Moving back to the States after last living here as a kid (I left when I was 8 years old) has been an interesting and enlightening experience. I’ve been back here since then, but only to visit, and trust me when I say that visiting has NOTHING to do with actually living somewhere. In some ways I feel like my life as a TCK has been one big anthropological expedition. Hm, come to think of it, I’m sure that TCKs would make great anthropologists, but maybe I’ll cover that some other time. Being back in the U.S. as an adult has opened my eyes in a lot of ways, and has obviously led me to make a lot of comparisons with other countries I’ve lived in, especially France, as it’s the only other country I lived in as an adult. Some of those comparisons are positive and others, not so much. But moving back here has also conjured up a lot of childhood memories from when we lived in the States.
When we lived in Wisconsin as little girls, fall meant piles of leaves all over the yard. Those leaves meant a lot of hard work for dad, and a lot of fun games for me and my sister! He would rake up the leaves all over the yard and make different piles to make them easier to pick up. But before they could be picked up, we loved to let ourselves fall into the piles and just watch the leaves fly up around us. To be fair, I believe we did help him put the leaves in the bags later (I hope!), but until they went in those bags, they were a joy to play in! Another favorite of ours with the autumn leaves was to look for the most beautifully colored leaves lying on the ground. We would scour the back and the front yard, looking for the reddest or most golden leaves. And every once in a while we would fall upon a real treasure: a transparent leaf. I remember we loved those, they were something special and rare. Those leaves were the ones we would press in books to dry them so we could admire their beauty whenever we wanted.
We were lucky to have a big yard, with lots of space to run around with our dog, and a swing-set to play on endlessly, but one of our favorite places in the yard was our hidden pine tree ‘cove’. To get into our secret lair, we had to crawl or crouch under some of the low-hanging branches, but once inside we were surrounded by 2 very large and beautiful pine trees. We would sit on the carpet of dried, golden pine needles and make all sorts of stories in our heads (and out loud!). While we were sitting there, lost in our own little world, we would make crowns and even bracelets out of the fresh green pine needles. It was delicate work and a talent acquired with practice, but we were diligent crafts-girls. Those crowns would adorn our heads, and those of our parents. Our lovely and patient dog might have had one too, if we could get him to sit still long enough. He was a patient and kind dog, but not stupid enough to let us put one of those on his head! How we loved those pine trees, complices to our princess-like fantasies, secret-keepers to our hidden world.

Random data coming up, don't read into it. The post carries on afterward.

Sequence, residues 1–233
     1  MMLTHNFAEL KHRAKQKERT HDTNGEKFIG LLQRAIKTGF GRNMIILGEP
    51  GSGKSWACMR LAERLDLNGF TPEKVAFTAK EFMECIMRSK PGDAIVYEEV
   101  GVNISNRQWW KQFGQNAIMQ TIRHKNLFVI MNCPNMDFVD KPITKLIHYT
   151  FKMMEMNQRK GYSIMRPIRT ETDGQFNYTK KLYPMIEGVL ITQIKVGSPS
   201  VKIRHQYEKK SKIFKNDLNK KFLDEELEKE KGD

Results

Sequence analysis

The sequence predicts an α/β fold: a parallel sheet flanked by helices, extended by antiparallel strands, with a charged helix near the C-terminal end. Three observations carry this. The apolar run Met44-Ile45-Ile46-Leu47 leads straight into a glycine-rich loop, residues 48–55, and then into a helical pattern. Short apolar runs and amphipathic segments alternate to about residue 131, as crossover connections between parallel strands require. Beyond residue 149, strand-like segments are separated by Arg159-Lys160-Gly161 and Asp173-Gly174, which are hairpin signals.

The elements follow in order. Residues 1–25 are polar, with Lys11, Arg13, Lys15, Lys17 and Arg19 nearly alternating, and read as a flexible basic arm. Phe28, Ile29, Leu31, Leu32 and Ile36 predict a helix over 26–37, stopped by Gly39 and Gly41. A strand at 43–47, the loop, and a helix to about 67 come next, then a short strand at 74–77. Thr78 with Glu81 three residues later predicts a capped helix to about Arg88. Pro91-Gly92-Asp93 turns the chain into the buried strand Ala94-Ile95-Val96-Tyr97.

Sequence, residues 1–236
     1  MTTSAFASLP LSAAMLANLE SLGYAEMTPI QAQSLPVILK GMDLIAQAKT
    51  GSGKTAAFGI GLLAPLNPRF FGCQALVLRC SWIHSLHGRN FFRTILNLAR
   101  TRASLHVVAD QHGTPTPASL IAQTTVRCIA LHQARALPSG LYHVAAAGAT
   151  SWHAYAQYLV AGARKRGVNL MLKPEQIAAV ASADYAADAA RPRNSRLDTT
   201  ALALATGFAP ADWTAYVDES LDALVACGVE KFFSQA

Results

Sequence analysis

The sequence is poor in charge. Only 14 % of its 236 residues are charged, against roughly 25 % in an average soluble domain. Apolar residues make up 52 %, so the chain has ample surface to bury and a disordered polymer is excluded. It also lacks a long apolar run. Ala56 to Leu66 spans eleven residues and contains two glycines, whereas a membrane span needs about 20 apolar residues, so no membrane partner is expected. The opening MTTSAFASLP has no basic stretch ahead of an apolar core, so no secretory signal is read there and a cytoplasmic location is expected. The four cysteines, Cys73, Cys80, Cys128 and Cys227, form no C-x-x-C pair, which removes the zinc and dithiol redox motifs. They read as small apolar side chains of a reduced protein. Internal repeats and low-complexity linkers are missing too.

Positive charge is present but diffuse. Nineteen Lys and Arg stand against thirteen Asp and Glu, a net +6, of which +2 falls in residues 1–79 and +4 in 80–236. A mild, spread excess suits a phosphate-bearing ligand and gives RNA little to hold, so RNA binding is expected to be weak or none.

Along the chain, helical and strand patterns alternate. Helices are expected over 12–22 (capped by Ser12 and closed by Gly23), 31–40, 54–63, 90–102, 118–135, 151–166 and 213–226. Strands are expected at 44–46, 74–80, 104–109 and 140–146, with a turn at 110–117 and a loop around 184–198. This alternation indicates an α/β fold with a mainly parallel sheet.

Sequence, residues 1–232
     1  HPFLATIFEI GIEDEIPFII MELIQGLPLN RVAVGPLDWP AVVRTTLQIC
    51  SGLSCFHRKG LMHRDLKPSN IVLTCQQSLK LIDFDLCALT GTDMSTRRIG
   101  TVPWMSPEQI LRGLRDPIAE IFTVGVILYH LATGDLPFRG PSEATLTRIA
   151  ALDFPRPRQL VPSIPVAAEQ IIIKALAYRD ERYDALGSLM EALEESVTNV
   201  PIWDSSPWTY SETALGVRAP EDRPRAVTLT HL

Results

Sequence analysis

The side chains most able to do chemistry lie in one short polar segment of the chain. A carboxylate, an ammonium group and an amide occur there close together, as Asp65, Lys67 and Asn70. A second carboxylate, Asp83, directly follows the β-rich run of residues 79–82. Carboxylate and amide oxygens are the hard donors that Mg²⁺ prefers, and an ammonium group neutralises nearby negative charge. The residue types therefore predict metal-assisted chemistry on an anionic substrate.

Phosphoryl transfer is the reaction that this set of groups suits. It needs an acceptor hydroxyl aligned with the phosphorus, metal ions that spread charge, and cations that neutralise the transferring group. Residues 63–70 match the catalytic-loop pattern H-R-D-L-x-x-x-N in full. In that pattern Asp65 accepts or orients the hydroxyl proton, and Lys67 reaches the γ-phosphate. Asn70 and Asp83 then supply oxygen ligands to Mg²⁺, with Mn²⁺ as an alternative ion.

Now in Connecticut, there are a lot of those same pine trees around as well as those glorious autumn leaves, and oh, the memories they bring back to me. The smell, the sight, those golden pine needles carpeting the floor, those beautiful pine trees, green even in the weary whiteness of winter. And those autumn trees, glowing brighter every day, slowly covering the ground in stunning shades of red, gold, orange and yellow. How I long to be a little girl again sometimes, if only for a little while. To throw myself in those colorful piles of leaves, to crouch once more under the low-lying branches of our pine trees and to make pine needle crowns while imagining stories of princesses, evil wizards and knights in shining armor.
Third culture kid, relishing the ‘kid’ part, signing off.